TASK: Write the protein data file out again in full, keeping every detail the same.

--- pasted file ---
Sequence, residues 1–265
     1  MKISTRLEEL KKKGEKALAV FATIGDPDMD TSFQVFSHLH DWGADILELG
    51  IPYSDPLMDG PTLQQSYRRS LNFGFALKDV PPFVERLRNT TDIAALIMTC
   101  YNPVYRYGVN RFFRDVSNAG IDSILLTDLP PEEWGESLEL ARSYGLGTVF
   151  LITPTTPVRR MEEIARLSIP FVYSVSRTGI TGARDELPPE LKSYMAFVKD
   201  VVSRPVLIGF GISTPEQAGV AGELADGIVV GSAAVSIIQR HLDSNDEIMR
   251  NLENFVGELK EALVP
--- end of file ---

Sequence, residues 1–265
     1  MKISTRLEEL KKKGEKALAV FATIGDPDMD TSFQVFSHLH DWGADILELG
    51  IPYSDPLMDG PTLQQSYRRS LNFGFALKDV PPFVERLRNT TDIAALIMTC
   101  YNPVYRYGVN RFFRDVSNAG IDSILLTDLP PEEWGESLEL ARSYGLGTVF
   151  LITPTTPVRR MEEIARLSIP FVYSVSRTGI TGARDELPPE LKSYMAFVKD
   201  VVSRPVLIGF GISTPEQAGV AGELADGIVV GSAAVSIIQR HLDSNDEIMR
   251  NLENFVGELK EALVP